The below uses are based on tradition, scientific theories, or limited research. They often have not been thoroughly tested in humans, and safety and effectiveness have not always been proven. Some of these conditions are potentially serious, and should be evaluated by a qualified healthcare provider. There may be other proposed uses that are not listed below. Adjustment disorder, addiction, aging, alcohol abuse, Alzheimer's disease, amnesia, anger (road rage), anti-spasm (pelvic floor spasms), arrhythmia (abnormal heart rhythm), balance, chronic fatigue syndrome, chronic obstructive pulmonary disease (COPD), cognitive disorders (neurogenic), communicative disorders, coronary artery disease, diabetes, drug abuse, dyspepsia, emotional distress, epilepsy, exercise performance, gastritis, gastrointestinal disorders, hemiplegia, herpes virus, high cholesterol, hyperactivity, immune system stimulation, increasing breast milk, infertility, ischemic heart disease, longevity, migraine, night eating syndrome, painful menstruation, panic disorder, Parkinson's disease, peptic ulcer disease, pregnancy, preparation for surgery, psoriasis, psychiatric disorders, quality of life, repetitive strain injuries, rosacea, sleep disorders, social phobias, temporomandibular joint disorder, tension headache (adults), upper respiratory tract infections (children), warts, wound healing.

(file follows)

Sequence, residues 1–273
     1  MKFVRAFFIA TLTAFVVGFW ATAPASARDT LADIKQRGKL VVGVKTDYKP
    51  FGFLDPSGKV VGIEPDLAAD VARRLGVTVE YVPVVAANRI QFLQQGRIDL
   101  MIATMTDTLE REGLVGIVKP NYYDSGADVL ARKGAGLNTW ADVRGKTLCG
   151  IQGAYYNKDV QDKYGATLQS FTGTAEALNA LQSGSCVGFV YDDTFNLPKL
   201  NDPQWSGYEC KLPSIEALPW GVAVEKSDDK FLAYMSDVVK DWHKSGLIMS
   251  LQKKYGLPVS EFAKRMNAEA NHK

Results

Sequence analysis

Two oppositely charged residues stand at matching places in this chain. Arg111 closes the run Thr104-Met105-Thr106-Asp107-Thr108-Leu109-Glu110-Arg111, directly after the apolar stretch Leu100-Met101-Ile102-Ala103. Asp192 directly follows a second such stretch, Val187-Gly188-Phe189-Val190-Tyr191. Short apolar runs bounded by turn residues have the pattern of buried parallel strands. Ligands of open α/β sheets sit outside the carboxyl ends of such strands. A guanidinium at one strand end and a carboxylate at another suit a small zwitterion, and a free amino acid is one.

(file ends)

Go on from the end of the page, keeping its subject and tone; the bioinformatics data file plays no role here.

Many complementary techniques are practiced by healthcare professionals with formal training, in accordance with the standards of national organizations. However, this is not universally the case, and adverse effects are possible. Due to limited research, in some cases only limited safety information is available.
Most relaxation techniques are non-invasive and are generally considered safe in healthy adults. Serious adverse effects have not been reported. It is theorized that anxiety may actually be increased in some individuals using relaxation techniques and that autogenic discharges (sudden, unexpected emotional experiences including pain, heart palpitations, muscle twitching, crying spells, or increased blood pressure) may occur rarely. Scientific evidence is limited in these areas. People with psychiatric disorders such as schizophrenia/psychosis should avoid relaxation techniques unless recommended by their primary psychiatric healthcare provider. It is sometimes suggested by practitioners that techniques requiring inward focusing may intensify depressed mood, although scientific evidence is limited in this area.
Jacobson relaxation (flexing specific muscles, holding that position, then relaxing the muscles) should be used cautiously by people with illnesses such as heart disease, high blood pressure, or musculoskeletal injury.
Relaxation therapy is not recommended as the sole treatment approach for potentially serious medical conditions, and it should not delay the time to diagnosis or treatment with more proven techniques.
This information is based on a professional level monograph edited and peer-reviewed by contributors to the Natural Standard Research Collaboration (www.naturalstandard.com): Dawn Costa, BA, BS (Natural Standard Research Collaboration); Jenna Hollenstein, MS, RD (Natural Standard Research Collaboration); Shaina Tanguay-Colucci, BS (Natural Standard Research Collaboration); Catherine Ulbricht, PharmD (Massachusetts General Hospital); Wendy Weissner, BA (Natural Standard Research Collaboration).